Lisaniskea (Lios na Uisce) was the home of Lady Arabella Denny, aunt of the British Prime Minister, the Earl of Shelburne, who sometimes stayed with her. A highly regarded philanthropist, she was visited in 1783 by John Wesley, who described the property as an earthly paradise. It was leased to Kevin O’Higgins from 1923 to 1925.
Maretimo House was built in 1770 as a summer residence for Nicholas Lawless, 1st Baron Cloncurry, who had his main house in Lyons, Co. Kildare. His son Valentine Lawless, 2nd Baron Cloncurry was compensated for the construction of the Dublin & Kingstown Railway line across his land with, among other things, a private railway bridge and harbour. Maretimo house was demolished in 1970 and apartments of the same name now stand in its place. The private railway bridge can still be seen today, but its once elegant walkway has been replaced by a corrugated iron structure.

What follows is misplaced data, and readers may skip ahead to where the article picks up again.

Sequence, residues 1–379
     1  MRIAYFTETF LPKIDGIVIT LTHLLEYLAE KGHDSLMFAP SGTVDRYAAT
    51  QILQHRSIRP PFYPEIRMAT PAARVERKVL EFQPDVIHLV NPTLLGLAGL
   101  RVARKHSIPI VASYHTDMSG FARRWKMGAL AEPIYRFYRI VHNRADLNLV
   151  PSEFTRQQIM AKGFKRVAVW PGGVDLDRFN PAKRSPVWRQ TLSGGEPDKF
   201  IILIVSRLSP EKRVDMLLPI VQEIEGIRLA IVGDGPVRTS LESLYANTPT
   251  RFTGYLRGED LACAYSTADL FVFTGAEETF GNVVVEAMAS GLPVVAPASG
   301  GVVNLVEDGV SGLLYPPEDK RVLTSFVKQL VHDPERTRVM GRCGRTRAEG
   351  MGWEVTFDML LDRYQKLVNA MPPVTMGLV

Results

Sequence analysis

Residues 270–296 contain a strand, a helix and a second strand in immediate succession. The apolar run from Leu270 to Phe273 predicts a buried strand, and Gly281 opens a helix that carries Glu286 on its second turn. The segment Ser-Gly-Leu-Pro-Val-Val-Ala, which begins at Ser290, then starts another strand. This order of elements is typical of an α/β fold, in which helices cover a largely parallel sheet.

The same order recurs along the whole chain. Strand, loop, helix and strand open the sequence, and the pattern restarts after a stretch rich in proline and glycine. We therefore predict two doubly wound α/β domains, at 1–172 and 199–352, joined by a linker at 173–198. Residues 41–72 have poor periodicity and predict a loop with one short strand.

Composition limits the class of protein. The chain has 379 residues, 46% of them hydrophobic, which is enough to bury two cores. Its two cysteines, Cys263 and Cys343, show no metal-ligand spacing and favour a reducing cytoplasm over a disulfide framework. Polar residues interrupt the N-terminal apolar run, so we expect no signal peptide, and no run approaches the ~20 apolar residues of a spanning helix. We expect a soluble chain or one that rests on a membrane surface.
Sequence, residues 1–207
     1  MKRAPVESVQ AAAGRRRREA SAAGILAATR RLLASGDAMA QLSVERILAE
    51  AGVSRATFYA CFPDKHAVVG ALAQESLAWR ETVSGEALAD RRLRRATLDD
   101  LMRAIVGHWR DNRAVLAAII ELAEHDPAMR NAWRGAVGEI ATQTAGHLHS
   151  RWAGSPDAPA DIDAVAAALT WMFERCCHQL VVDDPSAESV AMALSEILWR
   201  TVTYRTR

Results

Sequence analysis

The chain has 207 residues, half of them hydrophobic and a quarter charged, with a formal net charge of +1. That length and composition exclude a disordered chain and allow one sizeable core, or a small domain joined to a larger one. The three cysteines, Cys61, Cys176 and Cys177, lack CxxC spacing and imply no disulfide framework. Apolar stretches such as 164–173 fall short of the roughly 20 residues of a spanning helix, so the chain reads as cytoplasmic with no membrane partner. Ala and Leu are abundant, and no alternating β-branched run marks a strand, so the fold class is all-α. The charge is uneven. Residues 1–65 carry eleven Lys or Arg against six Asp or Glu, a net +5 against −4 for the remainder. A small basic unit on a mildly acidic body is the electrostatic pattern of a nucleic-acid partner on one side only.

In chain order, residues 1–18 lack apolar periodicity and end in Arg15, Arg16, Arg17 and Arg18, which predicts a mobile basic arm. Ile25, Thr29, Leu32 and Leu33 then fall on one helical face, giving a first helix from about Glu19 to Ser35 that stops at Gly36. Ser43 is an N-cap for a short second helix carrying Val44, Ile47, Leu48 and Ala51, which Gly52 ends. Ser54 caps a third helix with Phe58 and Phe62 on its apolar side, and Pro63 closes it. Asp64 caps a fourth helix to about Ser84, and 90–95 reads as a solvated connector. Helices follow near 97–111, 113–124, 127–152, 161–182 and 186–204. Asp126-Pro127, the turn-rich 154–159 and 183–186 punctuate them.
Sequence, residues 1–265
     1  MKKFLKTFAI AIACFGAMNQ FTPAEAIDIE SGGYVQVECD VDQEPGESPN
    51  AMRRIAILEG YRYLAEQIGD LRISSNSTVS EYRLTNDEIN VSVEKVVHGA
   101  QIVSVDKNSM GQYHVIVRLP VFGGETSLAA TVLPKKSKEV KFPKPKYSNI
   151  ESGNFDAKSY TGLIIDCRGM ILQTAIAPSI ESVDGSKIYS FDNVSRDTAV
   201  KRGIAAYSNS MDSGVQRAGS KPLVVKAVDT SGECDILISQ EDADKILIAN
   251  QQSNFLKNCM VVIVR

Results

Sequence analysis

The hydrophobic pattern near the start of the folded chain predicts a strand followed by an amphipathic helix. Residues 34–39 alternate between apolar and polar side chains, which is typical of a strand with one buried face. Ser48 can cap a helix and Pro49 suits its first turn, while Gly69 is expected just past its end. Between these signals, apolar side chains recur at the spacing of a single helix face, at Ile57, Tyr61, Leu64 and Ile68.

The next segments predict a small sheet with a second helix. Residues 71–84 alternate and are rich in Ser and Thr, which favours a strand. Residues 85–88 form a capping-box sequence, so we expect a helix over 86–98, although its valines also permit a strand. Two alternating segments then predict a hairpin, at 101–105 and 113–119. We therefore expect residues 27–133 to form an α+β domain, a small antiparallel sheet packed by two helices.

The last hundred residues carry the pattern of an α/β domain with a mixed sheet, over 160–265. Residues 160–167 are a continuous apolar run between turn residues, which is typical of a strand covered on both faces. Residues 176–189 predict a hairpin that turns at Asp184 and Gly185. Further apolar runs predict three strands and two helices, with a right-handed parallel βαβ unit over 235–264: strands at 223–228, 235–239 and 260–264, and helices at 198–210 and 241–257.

Blackrock House, built in 1774 by John Lees (1737–1811), was later used as a summer residence for the Lord Lieutenant of Ireland. The mansion has some fine features such as a two-storey red brick porch, a large coach-house, stable yard and gate-lodge; it is currently divided into flats.
Talbot Lodge, an C18th villa, was expanded and incorporated by the Religious Sisters of Charity into the Linden Convalescent Home complex, where Eamonn DeValera died in 1975. The house was demolished by developers in the 1990s.